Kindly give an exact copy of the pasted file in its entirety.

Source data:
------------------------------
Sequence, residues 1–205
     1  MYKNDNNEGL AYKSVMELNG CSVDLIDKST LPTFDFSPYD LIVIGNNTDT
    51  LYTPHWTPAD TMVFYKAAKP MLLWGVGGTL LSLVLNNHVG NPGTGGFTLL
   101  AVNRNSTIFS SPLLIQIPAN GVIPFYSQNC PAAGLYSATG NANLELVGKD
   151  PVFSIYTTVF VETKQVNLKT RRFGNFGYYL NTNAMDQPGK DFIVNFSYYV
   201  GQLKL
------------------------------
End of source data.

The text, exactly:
Sequence, residues 1–205
     1  MYKNDNNEGL AYKSVMELNG CSVDLIDKST LPTFDFSPYD LIVIGNNTDT
    51  LYTPHWTPAD TMVFYKAAKP MLLWGVGGTL LSLVLNNHVG NPGTGGFTLL
   101  AVNRNSTIFS SPLLIQIPAN GVIPFYSQNC PAAGLYSATG NANLELVGKD
   151  PVFSIYTTVF VETKQVNLKT RRFGNFGYYL NTNAMDQPGK DFIVNFSYYV
   201  GQLKL